Sampling of urine for diagnosing urinary tract infection in general practice–First-void or mid-stream urine?

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Objective: To study 1) whether the accuracy of point-of-care (POC) urine tests (dipstick, phase-contrast microscopy and culture) differs when performed on first-void urine (FVU) compared to mid-stream urine (MSU), and 2) if a delay of analysis up to four hours affects the accuracy of POC tests when performed on urine from symptomatic of urinary tract infection (UTI), non-pregnant women in general practice. Design: Prospective diagnostic study using paired samples. Setting/Intervention: Three general practices in Copenhagen. Each woman delivered FVU and MSU samples from the same void. As a reference standard, 8 ml of MSU was sent for culture at the Microbiology Department. Patients: 117 women with one or more symptoms of UTI. Main outcome measures: Sensitivity, specificity and agreement with the reference standard of FVU and MSU with different time delays (zero vs. one vs. four hours) as compared to reference standard (MSU at time zero in boric acid tubes). Results: All three POC tests performed on MSU were significantly more in agreement with the reference than when performed on FVU when analysis was done immediately. The error rate was 16% for MSU vs. 23% for FVU with POC culture, 27% vs. 40% with microscopy and 25% vs. 33% with dipstick testing. Delay of analysis up to four hours did not decrease agreement with the reference. Conclusion/Implication: MSU samples should be used in general practice for optimal accuracy of POC tests. Analysis can be delayed up to four hours.Key points Point-of-care tests (dipstick testing, microscopy and culture) for diagnosing urinary tract infection performed on mid-stream urine samples are significantly more accurate than when performed on first-void urine samples. Delay of analysis up to four hours did not decrease the accuracy of any of the point-of-care tests. Point-of-care culture was more accurate than dipstick and microscopy both when performed on mid-stream urine and first-void urine The main contaminant in first-void urine samples was Enterococci spp., which contributed to the majority of false positives.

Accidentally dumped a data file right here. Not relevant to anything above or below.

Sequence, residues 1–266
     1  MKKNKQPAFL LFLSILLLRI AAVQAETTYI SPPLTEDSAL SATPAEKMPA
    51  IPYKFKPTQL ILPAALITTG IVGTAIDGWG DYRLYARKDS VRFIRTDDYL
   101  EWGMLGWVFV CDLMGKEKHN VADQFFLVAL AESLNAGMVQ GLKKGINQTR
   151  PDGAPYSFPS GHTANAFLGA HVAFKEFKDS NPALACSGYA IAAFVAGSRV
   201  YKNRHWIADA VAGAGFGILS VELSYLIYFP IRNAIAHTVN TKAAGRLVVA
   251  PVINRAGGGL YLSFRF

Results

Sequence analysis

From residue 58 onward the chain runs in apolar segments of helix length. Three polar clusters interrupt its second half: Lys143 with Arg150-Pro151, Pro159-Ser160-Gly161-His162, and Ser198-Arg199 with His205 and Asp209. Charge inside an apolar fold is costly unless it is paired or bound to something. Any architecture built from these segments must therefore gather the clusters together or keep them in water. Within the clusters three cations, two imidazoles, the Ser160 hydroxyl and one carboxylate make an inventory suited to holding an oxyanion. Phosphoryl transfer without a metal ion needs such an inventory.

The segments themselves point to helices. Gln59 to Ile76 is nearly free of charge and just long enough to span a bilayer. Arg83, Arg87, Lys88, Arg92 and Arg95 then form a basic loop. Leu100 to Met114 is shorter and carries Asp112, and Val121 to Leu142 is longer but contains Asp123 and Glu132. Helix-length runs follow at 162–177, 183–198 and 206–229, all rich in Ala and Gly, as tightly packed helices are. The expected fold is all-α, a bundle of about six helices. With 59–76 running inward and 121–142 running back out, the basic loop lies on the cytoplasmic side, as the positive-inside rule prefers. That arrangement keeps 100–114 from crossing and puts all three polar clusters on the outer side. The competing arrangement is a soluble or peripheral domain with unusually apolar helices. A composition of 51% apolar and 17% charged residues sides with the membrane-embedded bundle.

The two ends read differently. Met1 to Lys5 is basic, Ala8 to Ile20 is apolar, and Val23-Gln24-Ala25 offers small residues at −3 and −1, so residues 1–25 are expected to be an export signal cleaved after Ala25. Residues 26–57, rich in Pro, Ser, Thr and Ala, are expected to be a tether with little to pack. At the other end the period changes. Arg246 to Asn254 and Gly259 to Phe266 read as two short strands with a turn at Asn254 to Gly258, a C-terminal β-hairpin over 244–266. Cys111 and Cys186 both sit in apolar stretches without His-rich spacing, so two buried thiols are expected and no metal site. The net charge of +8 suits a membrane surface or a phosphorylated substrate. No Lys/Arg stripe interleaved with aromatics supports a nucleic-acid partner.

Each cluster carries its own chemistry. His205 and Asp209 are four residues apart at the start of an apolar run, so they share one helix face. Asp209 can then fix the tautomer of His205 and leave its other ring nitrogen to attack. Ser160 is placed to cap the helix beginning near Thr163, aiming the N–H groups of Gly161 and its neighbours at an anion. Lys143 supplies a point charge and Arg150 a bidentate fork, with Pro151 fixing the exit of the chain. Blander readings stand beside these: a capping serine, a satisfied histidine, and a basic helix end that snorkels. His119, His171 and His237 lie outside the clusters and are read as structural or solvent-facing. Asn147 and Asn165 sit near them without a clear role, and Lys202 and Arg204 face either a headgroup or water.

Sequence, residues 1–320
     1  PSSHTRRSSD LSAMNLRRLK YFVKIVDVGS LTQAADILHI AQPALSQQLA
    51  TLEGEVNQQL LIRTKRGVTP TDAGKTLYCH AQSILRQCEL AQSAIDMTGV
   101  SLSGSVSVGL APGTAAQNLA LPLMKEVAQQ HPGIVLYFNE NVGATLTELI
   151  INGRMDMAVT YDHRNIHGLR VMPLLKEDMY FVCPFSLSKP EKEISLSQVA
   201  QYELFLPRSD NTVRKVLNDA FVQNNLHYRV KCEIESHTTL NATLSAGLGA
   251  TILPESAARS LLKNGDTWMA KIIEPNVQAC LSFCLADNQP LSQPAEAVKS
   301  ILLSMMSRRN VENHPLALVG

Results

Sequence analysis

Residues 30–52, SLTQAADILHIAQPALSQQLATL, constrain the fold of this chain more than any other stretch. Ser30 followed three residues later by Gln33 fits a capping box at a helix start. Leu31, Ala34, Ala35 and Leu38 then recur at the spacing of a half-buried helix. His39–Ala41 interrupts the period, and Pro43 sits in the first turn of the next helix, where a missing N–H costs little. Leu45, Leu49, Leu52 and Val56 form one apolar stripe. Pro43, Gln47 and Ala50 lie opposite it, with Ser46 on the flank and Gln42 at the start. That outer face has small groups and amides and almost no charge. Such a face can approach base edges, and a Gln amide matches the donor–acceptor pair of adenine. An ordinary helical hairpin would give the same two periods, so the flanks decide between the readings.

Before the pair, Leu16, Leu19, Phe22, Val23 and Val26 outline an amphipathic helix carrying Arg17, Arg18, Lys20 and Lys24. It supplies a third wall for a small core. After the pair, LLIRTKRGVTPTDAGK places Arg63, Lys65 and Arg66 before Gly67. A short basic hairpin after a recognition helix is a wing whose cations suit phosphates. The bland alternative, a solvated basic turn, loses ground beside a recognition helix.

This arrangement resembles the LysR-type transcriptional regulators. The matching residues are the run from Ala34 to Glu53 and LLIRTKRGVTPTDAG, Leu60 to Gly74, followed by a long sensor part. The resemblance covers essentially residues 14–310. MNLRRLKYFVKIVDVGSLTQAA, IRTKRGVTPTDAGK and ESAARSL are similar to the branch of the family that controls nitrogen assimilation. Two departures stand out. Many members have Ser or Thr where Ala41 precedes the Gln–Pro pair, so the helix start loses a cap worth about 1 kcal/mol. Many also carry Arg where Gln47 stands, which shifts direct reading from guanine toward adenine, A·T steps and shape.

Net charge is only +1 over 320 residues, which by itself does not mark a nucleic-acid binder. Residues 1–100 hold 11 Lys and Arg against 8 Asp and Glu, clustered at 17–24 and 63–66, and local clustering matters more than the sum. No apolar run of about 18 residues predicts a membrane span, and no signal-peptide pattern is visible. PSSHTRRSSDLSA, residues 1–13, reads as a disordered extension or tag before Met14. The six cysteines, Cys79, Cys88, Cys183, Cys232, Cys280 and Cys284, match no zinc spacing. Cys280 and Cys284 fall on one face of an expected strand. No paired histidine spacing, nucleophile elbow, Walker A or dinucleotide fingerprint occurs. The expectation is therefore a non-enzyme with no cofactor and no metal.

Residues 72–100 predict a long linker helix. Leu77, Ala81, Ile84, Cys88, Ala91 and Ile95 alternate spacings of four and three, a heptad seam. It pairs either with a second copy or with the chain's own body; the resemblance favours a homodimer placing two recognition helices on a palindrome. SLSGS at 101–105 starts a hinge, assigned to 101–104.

TidsskriftScandinavian Journal of Primary Health Care
Udgave nummer1
Sider (fra-til)113-119
Antal sider7
StatusUdgivet - 2019

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